Well you would be partially correct if you said the language was Hawaiian. In actuality the language spoken in Niihau is a dialect of the original language. Here's the explanation.
The Hawaiian language as it was used for centuries in pre-contact Hawaii was a verbal language that was passed down through oral tradition over the course of years. It was only when the missionaries came to Hawaii in the early 1800's that they taught the Hawaiians how to configure the language into a written form so it could be both written and read. The effectiveness of these teachings and the willingness of the Hawaiians to learn them was a remarkably successful endeavor and within a period of decades Hawaii had become one of the most literate places on the face of the earth. Full 90% of the population knew how to read and write and there were about 100 separate newspapers throughout the territory that were all written in Hawaiian.
All this began to unravel however when the process of annexation to the United States began in the late 1800's. The territorial schools forbade to speaking of Hawaiian and actually punished children for speaking it and within a short period of time the language saw a steep decline of usage in Hawaii.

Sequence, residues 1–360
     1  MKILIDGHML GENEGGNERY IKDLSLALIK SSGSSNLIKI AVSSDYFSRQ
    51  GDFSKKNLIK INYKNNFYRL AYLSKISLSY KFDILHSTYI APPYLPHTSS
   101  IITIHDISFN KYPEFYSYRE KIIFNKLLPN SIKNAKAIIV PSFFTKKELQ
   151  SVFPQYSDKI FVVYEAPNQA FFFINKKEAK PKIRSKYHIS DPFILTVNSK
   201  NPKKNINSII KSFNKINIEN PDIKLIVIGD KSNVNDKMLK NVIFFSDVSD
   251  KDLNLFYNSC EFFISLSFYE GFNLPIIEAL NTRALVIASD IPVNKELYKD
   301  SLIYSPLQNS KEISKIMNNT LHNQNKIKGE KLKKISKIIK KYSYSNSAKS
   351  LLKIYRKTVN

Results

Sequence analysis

The only enclave in Hawaii that was spared the fate of the gradual elimination of the Hawaiian language was the small and very remote island of Niihau. Because of its remoteness and its relative isolation from the rest of Hawaii, the island of Niihau continued the traditions of its home language and still does to this day. Because of its use over the years being only with residents of the island itself, the language began to morph into what is considered today a specific dialect of the original Hawaiian. Originally the language kept a foothold on Niihau because of its remoteness and later because of the pride the people had in keeping the Hawaiian language alive. Unfortunately as today's world has evolved more and more children from Niihau have relocated away from the island and although it is still spoken there the gap between the original Hawaiian with its rich oral traditions and its more diluted current dialect. A decline has taken place as more and more of its inhabitants have become interwoven with the customs and languages of the outside world.
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